Archive for December 9th, 2007

The 3ivx high performance MPEG-4 audio/video codec (MP4) for Microsoft Windows is vulnerable to stack overflow, with shellcode proof of concept published by SYS 49152 (a C64 nostalgic like me, undoubtedly).
Surely affected versions are 4.5.1, quite widespread, and the latest 5.0.1.

The most likely exploitation scenario involves user downloading a movie clip in MP4 format from an untrusted source (did you say p0rn?) and consuming it through a media player which relies on the 3ivx codec (the PoC above exploits Media Player Classic, for instance).
Notice that the file name extension doesn't need to be ".mp4", as mp4 streams can be wrapped inside container formats such as ASF or AVI.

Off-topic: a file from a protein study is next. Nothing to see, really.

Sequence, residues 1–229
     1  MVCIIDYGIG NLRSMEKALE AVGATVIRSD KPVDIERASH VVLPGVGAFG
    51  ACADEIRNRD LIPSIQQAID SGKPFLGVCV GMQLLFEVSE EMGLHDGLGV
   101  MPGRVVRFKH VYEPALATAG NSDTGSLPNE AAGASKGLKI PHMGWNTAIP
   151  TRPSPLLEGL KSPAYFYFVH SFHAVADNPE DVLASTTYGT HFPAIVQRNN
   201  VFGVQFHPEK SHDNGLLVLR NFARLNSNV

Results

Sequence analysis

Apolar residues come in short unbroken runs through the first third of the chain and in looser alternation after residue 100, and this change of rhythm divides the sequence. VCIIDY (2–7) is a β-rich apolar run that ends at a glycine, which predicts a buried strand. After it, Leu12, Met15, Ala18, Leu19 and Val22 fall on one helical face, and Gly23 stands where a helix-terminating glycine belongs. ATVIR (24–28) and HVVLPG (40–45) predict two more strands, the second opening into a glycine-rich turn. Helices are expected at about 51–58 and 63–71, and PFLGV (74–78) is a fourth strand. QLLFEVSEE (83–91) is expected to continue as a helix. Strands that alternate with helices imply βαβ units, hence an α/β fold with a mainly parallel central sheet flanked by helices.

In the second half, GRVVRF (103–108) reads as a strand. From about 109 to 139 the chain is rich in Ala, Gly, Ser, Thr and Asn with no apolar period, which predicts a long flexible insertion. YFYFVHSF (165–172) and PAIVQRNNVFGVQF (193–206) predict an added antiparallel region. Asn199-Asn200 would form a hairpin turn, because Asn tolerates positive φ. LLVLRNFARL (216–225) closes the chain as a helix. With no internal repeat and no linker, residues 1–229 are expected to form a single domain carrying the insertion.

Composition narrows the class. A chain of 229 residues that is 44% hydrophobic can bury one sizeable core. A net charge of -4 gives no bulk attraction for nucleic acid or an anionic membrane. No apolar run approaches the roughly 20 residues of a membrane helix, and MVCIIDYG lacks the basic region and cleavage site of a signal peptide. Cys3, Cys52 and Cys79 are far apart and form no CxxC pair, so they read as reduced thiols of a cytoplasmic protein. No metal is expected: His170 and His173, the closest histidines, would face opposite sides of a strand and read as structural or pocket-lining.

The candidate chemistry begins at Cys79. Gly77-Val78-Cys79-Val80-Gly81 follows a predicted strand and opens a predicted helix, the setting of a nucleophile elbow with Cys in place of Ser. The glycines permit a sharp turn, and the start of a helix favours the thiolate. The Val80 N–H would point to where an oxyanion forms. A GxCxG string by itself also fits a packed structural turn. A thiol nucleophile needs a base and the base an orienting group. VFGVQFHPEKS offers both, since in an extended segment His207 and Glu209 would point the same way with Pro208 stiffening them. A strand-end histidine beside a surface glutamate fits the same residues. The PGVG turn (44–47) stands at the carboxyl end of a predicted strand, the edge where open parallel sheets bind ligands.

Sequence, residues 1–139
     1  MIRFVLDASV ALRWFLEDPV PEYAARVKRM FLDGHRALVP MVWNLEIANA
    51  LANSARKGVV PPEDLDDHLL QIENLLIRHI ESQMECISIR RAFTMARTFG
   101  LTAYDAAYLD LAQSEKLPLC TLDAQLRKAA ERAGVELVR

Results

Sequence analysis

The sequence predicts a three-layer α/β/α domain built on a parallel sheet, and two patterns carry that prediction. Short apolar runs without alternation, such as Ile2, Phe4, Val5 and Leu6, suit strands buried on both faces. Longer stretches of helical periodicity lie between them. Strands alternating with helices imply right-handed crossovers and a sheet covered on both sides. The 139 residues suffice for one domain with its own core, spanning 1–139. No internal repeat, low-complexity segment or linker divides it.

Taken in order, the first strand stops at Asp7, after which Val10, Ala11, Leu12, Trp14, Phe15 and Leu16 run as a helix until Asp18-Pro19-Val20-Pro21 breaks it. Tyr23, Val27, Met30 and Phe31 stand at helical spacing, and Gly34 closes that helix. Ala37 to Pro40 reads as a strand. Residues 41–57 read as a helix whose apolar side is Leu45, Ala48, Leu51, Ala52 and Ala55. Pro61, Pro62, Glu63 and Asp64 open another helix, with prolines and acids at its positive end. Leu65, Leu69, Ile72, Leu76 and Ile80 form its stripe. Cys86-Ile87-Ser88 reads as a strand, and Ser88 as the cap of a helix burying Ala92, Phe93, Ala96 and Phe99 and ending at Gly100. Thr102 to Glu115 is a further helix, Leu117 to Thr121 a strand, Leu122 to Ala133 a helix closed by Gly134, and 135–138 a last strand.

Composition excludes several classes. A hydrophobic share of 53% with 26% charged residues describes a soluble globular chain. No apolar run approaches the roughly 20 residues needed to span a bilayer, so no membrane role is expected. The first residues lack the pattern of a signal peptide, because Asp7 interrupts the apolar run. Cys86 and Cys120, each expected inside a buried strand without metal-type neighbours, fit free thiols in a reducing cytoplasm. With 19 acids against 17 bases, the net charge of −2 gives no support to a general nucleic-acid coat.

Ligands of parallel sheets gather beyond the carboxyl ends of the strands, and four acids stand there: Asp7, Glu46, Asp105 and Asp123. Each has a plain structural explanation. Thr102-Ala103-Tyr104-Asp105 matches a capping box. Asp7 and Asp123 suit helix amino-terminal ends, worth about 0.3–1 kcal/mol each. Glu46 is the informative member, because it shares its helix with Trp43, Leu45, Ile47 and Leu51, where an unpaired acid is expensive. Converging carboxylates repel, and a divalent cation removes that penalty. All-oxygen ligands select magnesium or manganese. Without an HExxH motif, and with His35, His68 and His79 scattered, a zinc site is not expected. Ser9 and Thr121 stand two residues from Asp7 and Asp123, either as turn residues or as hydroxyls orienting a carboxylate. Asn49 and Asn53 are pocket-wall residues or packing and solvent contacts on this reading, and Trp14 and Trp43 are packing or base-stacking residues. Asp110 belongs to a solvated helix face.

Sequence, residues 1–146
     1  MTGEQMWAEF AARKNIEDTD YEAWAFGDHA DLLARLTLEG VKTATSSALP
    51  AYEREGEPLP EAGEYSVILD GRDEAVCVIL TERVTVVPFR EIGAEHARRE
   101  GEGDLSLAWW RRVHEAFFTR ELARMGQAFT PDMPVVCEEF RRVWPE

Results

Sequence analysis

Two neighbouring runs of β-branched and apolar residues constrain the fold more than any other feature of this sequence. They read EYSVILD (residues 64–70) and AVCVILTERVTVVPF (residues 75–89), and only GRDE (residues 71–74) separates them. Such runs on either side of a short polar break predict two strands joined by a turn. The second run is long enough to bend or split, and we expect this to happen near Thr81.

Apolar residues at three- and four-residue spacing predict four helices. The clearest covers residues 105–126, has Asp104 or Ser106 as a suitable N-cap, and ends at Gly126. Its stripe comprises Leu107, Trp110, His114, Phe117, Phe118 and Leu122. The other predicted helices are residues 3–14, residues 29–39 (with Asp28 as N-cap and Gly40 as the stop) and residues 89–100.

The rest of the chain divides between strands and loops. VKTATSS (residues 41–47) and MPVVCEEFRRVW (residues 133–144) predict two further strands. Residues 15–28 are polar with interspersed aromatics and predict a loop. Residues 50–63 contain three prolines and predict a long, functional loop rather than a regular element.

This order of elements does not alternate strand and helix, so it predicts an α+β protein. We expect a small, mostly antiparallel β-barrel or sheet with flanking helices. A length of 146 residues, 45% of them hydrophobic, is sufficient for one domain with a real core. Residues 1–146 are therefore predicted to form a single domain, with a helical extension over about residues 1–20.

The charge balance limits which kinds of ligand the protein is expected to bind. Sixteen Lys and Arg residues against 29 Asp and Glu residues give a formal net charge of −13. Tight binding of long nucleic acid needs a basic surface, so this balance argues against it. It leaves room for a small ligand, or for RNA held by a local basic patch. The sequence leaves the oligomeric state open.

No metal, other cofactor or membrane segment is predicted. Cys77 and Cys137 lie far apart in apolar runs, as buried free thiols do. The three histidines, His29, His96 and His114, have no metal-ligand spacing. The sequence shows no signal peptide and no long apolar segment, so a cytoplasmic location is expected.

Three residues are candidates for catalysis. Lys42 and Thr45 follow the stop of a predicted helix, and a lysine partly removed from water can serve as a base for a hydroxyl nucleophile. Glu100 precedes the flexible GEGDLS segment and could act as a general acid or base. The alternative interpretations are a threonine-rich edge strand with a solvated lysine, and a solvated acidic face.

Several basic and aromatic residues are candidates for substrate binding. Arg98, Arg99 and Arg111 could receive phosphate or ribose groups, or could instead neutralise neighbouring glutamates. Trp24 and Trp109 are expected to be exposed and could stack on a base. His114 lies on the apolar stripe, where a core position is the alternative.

Of course, if the vulnerable media player installed also its own browser plugin, you can be owned instantly just stumbling upon an untrusted web page, unless you already took proper countermeasures.

How to protect yourself

  1. Open your Windows Control Panel.
  2. Select Add or Remove Programs.
  3. Locate the 3ivx D4 entry, select it and click the Remove button.
  4. Optionally, if you couldn't locate any 3ivx D4 item, check if you've got
    3ivx.dll

    and/or

    3ivxVfWCode.dll

    in your

    %WinDir%\System32\

    folder; if you can find these files, delete or rename them.

If you still need to play MP4 files and you find your system can't do it anymore, you may want to install the excellent open source VLC Media Player, which uses a different codec.

Slop... er... happy surfing ;)

Bad Behavior has blocked 2239 access attempts in the last 7 days.